Field-Evolved Resistance to Bacillus thuringiensis Toxin CryIC in Diamondback Moth (Lepidoptera: Plutellidae)
Authors: LIU, YONG-BIAO; TABASHNIK, BRUCE E.; PUSZTAI-CAREY, MARIANNE
Source: Journal of Economic Entomology, Volume 89, Number 4, August 1996 , pp. 798-804(7)
Publisher: Entomological Society of America
Abstract:Previous results have shown that diamondback moth, Plutella xylostella (L.), populations resistant to toxins from Bacillus thuringiensis subsp. kurstaki were susceptible to toxin CryIC. Use of commercial formulations of B. thuringiensis subsp. aizawai that contain CrylC has increased recently. Analysis of two commercial formulations by high pressure liquid chromatography showed that CryIC accounted for 26% of the CryI protein in the B. thuringiensis subsp. aizawai formulation, but did not occur in the B. thuringiensis subsp. kurstaki formulation. CryIAb was the most abundant CryI protein in the commercial formulations of B. thuringiensis subspp. aizawai and kurstaki. We found resistance to CryIC in a field population of diamondback moth from Hawaii that had been treated with B. thuringiensis subsp. aizawai. Leaf residue bioassays showed that, at 5 d after treatment with CryIC, LC50s for colonies derived from this population in 1993 and 1995 were ≍20 times greater than the LC50 for a susceptible laboratory colony. For a nearby population that had not been treated with B. thuringiensis subsp. aizawai, responses to CryIC did not differ significantly from those of the susceptible laboratory colony. Resistance to CryIAb was lower in a CryIC-resistant colony than in a CryIC-susceptible colony that had been selected with B. thuringiensis subsp. kurstaki. These results suggest that the gene(s) conferring resistance to CryIC segregate independently from the gene(s) conferring resistance to CryIAb. In contrast with previous results with colonies derived in 1989, resistance to B. thuringiensis subsp. kurstaki in a colony derived in 1993 from the same field population did not decline when exposure to B. thuringiensis stopped. Thus, stability of resistance is not necessarily a fixed character, even for a specific population and pesticide. Despite substantial resistance to CryIC and B. thuringiensis subsp. kurstaki, resistance to a spore-crystal formulation of B. thuringiensis subsp. aizawaiwas only 2- to 4-fold.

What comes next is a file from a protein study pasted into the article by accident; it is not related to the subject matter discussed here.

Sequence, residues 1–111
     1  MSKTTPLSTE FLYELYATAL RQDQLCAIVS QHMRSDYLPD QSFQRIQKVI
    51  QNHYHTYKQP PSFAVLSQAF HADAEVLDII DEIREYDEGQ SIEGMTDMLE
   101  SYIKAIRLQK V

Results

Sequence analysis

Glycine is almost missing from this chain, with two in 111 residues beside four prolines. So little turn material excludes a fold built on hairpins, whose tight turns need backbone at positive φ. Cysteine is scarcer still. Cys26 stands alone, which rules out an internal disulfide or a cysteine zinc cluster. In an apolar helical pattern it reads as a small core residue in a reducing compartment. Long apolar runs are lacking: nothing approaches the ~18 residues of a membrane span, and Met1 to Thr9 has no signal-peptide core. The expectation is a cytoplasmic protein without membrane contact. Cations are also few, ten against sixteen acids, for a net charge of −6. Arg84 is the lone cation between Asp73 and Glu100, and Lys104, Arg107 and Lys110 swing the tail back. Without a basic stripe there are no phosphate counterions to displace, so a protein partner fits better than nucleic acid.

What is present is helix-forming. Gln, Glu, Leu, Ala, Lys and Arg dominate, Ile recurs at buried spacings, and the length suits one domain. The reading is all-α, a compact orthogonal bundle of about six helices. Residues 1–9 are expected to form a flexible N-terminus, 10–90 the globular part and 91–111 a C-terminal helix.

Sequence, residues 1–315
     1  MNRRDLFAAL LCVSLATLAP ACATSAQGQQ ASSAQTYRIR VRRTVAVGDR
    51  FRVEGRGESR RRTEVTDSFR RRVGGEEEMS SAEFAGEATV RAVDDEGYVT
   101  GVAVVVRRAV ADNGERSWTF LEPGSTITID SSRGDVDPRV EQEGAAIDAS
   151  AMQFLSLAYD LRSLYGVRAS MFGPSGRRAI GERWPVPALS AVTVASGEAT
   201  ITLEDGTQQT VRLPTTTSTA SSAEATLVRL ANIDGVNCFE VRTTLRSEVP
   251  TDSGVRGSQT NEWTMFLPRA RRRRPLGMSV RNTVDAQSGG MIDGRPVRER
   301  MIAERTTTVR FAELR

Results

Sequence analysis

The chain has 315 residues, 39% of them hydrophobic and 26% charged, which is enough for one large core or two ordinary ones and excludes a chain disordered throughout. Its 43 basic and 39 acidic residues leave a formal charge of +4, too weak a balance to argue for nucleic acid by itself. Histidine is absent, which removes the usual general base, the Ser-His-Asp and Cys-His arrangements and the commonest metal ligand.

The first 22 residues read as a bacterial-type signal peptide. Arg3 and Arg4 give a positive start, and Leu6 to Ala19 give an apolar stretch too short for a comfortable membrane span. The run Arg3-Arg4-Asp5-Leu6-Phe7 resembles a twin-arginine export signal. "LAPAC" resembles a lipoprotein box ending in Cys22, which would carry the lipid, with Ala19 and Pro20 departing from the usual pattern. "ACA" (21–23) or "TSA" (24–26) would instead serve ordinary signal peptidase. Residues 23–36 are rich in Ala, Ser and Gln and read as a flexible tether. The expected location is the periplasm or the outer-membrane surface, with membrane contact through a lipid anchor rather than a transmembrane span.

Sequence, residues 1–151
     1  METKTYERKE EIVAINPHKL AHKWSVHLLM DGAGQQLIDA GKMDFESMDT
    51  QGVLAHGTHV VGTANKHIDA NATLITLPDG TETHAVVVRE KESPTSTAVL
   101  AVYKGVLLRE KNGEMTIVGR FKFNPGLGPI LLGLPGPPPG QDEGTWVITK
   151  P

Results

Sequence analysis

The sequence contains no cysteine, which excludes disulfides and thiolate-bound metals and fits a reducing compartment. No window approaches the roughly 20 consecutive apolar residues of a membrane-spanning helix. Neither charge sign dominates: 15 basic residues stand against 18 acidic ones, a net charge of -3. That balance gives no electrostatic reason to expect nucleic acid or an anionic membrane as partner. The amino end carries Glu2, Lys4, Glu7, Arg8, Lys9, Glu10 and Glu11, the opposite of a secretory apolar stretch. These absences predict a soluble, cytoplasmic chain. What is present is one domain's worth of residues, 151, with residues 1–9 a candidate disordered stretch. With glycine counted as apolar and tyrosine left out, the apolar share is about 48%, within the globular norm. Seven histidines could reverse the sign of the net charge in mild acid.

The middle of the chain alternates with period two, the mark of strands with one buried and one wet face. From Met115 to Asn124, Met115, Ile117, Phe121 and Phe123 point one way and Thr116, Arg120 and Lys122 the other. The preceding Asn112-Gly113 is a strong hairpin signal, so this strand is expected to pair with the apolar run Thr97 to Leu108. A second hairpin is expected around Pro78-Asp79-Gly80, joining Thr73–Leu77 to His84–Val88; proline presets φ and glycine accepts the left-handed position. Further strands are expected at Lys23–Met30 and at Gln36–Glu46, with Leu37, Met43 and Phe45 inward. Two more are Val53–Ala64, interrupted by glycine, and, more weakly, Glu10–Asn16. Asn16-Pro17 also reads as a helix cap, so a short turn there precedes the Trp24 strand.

Document Type: Research Article
Publication date: August 1996
- Journal of Economic Entomology is published bimonthly in February, April, June, August, October, and December. The journal publishes articles on the economic significance of insects and is divided into the following sections: apiculture & social insects; arthropods in relation to plant disease; forum; insecticide resistance and resistance management; ecotoxicology; biological and microbial control; ecology and behavior; sampling and biostatistics; household and structural insects; medical entomology; molecular entomology; veterinary entomology; forest entomology; horticultural entomology; field and forage crops, and small grains; stored-product; commodity treatment and quarantine entomology; and plant resistance. In addition to research papers, Journal of Economic Entomology publishes Letters to the Editor, interpretive articles in a Forum section, Short Communications, Rapid Communications, and Book Reviews.
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